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Getting HD channels

panasonic_th-50px600u_50inIt may seem strange to run a story about how to get high definition (HD) channels, but believe it or not close to half of HDTV owners aren’t even watching HD channels. A consumer report from Leichtman Research Group in 2007 revealed that only 53 percent of HDTV owners in the US are actually watching high definition content. Even more staggering, research firm Strategy Analytics recently reported that in the UK only 5 percent of HDTV owners are actually watching HD programming.

Considering that a standard definition 480i signal is probably going to look worse, not better, on your brand new 42-inch, 54-inch, or 60-inch HDTV, it’s time to get the word out that there is a light at the end of the tunnel.

There are a few ways to get high definition programs in your home. The first way, and most popular way, is to call your local cable, satellite or fiber-optic provider and ask them for an upgrade. This will involve upgrading your receiver, ordering additional HD channels from your provider, and in the case of satellite service, getting a satellite upgrade.

The second way to get HD channels is over-the-air using an antenna. HD is transmitted digitally as part of the digital television (DTV) system, so any television that has both a digital tuner and HD capability will be able to display these signals. You will also be able to pick up many standard-definition digital channels that are being multi-cast. The Leichtman report from last year estimated that only 4 percent of HDTV owners were taking advantage of these free channels.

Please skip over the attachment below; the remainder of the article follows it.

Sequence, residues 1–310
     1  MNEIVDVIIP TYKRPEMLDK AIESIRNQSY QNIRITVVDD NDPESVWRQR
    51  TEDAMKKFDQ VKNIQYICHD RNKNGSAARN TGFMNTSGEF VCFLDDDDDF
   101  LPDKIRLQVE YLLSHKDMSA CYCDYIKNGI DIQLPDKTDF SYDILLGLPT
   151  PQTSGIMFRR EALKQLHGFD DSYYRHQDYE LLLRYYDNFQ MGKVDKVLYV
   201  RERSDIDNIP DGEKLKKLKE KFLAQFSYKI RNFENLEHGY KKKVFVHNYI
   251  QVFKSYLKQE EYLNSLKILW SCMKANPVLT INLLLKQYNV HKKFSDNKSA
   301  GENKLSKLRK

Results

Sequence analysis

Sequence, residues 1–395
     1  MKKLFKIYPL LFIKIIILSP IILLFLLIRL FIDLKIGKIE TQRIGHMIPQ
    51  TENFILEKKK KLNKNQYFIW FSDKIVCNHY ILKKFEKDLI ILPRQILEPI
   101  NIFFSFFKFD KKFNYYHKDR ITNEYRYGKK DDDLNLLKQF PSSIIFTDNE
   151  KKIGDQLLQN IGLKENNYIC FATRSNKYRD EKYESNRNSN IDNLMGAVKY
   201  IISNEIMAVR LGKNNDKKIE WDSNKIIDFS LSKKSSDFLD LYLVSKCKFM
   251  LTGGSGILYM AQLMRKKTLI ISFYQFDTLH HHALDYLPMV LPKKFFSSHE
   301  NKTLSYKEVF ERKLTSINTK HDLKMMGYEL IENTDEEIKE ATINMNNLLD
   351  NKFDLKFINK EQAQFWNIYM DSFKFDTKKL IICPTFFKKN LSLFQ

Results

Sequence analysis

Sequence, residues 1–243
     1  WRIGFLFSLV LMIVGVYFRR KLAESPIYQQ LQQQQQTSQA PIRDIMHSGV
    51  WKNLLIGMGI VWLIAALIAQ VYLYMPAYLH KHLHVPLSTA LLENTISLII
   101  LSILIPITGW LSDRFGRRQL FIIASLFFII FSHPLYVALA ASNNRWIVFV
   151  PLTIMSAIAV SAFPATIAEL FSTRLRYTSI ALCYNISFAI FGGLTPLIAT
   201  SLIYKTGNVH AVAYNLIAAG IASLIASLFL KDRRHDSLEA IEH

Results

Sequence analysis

Both of the methods above require having an HDTV, although you do not need an HDTV to watch DTV channels. Both methods can also be combined to gain more channel access.

Digital channels and HD channels are also available on your PC. A simple USB device connected to an antenna enables you to watch high definition channels on your home or office computer. An example of these products is the Elgato EyeTV for Mac, which even allows you to access programming guides and record shows to your hard drive.

Jeff Chabothttps://hd-report.com
Jeff has a background in photography, video and television production. He writes about technology, broadcasting, home theater, and digital entertainment.

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